The last couple of days back home have been DIFFICULT!
WAY more than I expected!
It is a combination of things, but the hardest is the condition of my heart.
I am broken.
Humbled beyond anything I have EVER experienced.
Between seeing the living conditions of so many, hearing their heart-breaking stories - AND - on the other side - meeting the most extraordinary, self-less people I have ever met (Africans) - more on that another time - - - there are just NO WORDS to express what my heart is going through.
In a way, I feel like I'm grieving - have probably left a part of my heart there...
Also really miss our son Richard there. The scene on our day of departure just about broke me.
He REALLY wanted to see us one more time and said he was going to come to the airport.
He must have been on the road pretty much the whole day (round-trip) just to see us for 5 minutes.
And he almost missed us, cuz his van (public transport) broke down.
When he finally arrived, he was almost running towards me (Rich was already with him, I was watching our luggage) and hugging (you can tell he really wants the touch but is also quite stiff, probably not used to hugs at all) - and he's almost 20 - we've only seen each other for 3 days...
First thing he said was,
"When the van broke down, I started crying.
I miss you so much -
I love you.
After I finish my studies next year (he's learning to be a mechanic) I will get a job, earn money and then I'm going to come and visit you."
When I reassured him of our love for him and expressed how sorry I was that we couldn't spend more time with him, cuz we had to go to the gate, he said, "At least please pray for me."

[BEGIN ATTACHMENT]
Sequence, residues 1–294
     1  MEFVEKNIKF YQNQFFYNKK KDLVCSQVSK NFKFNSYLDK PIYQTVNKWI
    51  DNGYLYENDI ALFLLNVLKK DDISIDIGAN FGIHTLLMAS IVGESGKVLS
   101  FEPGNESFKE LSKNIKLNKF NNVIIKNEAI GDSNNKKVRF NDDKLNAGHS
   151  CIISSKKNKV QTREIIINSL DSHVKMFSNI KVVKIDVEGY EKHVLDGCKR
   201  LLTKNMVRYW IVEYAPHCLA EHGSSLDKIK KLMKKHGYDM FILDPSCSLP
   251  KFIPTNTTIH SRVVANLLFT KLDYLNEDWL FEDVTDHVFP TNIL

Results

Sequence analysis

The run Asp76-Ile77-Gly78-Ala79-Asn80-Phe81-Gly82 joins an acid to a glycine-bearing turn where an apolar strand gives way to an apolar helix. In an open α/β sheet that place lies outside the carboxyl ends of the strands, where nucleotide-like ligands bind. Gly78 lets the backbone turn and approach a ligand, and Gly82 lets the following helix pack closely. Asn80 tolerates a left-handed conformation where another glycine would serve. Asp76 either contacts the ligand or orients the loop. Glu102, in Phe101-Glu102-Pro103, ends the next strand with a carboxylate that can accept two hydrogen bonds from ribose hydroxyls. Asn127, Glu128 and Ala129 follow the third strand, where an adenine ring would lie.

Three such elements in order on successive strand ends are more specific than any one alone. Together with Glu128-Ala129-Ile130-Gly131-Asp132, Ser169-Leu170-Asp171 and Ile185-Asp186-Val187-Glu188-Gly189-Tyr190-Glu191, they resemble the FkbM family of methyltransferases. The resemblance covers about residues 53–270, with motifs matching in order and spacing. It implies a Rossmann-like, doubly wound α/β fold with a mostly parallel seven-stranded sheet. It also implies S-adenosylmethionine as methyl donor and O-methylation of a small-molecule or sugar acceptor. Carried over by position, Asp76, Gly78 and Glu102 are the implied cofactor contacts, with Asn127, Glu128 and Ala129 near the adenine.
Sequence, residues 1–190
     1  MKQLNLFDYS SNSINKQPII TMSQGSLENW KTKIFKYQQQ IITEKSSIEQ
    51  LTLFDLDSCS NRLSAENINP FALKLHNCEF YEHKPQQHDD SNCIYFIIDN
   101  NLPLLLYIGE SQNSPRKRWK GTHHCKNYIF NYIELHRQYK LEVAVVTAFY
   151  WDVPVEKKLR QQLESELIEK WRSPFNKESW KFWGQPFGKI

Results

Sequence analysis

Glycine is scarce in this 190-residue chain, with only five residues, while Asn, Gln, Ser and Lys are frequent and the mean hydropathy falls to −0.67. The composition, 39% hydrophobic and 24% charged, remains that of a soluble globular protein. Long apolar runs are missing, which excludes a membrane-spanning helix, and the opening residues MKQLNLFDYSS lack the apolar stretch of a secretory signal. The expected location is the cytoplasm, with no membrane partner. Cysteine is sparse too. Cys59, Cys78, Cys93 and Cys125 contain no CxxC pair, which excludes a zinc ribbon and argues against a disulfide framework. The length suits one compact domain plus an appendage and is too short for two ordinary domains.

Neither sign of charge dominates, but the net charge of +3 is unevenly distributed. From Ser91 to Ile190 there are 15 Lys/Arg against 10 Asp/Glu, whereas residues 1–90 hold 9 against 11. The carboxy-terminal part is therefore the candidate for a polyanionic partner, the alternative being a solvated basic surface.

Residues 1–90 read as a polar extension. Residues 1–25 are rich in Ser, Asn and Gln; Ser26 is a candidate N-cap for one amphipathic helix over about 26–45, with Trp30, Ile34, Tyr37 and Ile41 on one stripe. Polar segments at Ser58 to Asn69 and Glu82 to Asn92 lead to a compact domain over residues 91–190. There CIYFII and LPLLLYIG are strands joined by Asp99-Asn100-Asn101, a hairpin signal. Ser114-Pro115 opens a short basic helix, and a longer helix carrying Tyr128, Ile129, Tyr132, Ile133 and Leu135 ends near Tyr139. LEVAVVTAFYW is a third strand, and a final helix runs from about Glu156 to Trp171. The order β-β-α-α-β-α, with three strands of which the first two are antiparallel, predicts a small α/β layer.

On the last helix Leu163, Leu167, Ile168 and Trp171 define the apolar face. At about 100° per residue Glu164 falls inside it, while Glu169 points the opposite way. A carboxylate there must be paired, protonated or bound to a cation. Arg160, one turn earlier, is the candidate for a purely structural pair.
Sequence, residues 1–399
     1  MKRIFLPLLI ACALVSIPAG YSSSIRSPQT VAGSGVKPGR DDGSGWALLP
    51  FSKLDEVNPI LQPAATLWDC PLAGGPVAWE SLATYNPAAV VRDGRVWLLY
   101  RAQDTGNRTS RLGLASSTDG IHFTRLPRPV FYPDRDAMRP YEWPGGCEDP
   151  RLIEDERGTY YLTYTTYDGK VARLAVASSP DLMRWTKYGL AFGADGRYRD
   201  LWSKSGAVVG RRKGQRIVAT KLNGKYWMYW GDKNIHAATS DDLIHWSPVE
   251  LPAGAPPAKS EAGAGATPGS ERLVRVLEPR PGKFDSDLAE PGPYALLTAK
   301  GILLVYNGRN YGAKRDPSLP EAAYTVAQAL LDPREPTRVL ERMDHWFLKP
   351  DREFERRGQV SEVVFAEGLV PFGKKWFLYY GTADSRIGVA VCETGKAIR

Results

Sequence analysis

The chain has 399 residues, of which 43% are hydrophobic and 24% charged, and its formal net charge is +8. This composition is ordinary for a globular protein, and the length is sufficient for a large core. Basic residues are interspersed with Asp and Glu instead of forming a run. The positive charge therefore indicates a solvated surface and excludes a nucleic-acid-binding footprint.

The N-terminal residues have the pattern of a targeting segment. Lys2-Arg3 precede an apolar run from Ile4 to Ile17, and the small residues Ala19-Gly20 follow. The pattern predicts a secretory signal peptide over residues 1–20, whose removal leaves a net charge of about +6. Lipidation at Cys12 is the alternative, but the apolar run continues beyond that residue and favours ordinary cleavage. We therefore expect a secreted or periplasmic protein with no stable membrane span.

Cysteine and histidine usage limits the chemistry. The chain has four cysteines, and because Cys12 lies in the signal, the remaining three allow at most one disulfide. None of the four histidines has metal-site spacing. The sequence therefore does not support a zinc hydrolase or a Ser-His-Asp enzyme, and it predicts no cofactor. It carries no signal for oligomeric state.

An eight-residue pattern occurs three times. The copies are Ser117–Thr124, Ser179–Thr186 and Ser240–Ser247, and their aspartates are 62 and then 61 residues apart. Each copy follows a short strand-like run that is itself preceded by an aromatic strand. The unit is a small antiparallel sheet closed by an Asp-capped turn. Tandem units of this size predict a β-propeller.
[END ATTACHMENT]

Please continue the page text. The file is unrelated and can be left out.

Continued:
So Rich and I both took one of his hands, held them tight and prayed our hearts out... trying to hold it together... (at least me, Rich is less emotional)
After a heart-felt good-bye, little 4-year-old Mercy kept INSISTING to go with us. She was adamant, holding on to Rich's hand. In the end her mother (Pastor Lydia, who'd also come to see us off) had to use quite a bit of force to take her off Rich and what ensued was a HUGE scene - with her screaming at the top of her lungs ~ ~ ~ oh boy!
After we'd been through security etc, we had a look in one of the shops - and there was English worship music playing - one of my favourite songs about Jesus - - -
And that's when I lost it ~ ~ ~
Couldn't talk - even to Rich - for a long time - kept crying off and on for hours.
Thought it's a good thing flying to NZ is a loooooong trip. Needs to be ~ to give me time to process.
Just imagining Richard and the parents he'd never had (lost his mom at 8, his father before) - and how attached he was to us - even on the first day we met - just because we'd been sponsoring him and there were a few letters back and forth...
Imagining his sadness to see us go - - - what he must be feeling/going through....
And then he called us - one last time before boarding (we'd run out of money on our local cell phone, otherwise we might have tried calling him)
He is soooo sweet and we love him so much!!!!
Miss him terribly.
He's part of our family now...
After all of the impressions and experiences we've had in Uganda, I feel like I would want to lay face-down in the dirt for a month - cry out to God - be quiet...
But taking up the "mom-hat" again doesn't allow for that - and so I've been fighting back the tears... (changing 7 dirty nappies/diapers in the first 24 hours was quite the reality check - just one of several...)
In a way I feel bad for our little ones - especially Kylie.
I don't have much grace.
Can't handle whining, complaining.
Especially about cleaning up toys or her room, when I see the Ugandan children before me - without toys, without their room, without food, without water, without schooling.
Don't know how I'm going to handle Christmas.
Don't feel like getting any more toys. Puh!
I feel like I need more prayers now than the whole trip.
I am going through grief.
And it's deep.
I look at our living room and realize that 6 widows with their kids could live there (separated by walls) and still be better off than in Uganda - cuz they won't get rained on...
Our house could house an orphanage with about 30-40 kids (like what we've seen).
Without wanting to do so, I do compare - all the time - - -
LORD, please help me!!!
On a lighter note - here's a short video of one of Kampala's streets - as we were loading the van with the food we'd got for Richard's grandmother. You can see him putting the bananas into the van - notice the Christmas-song!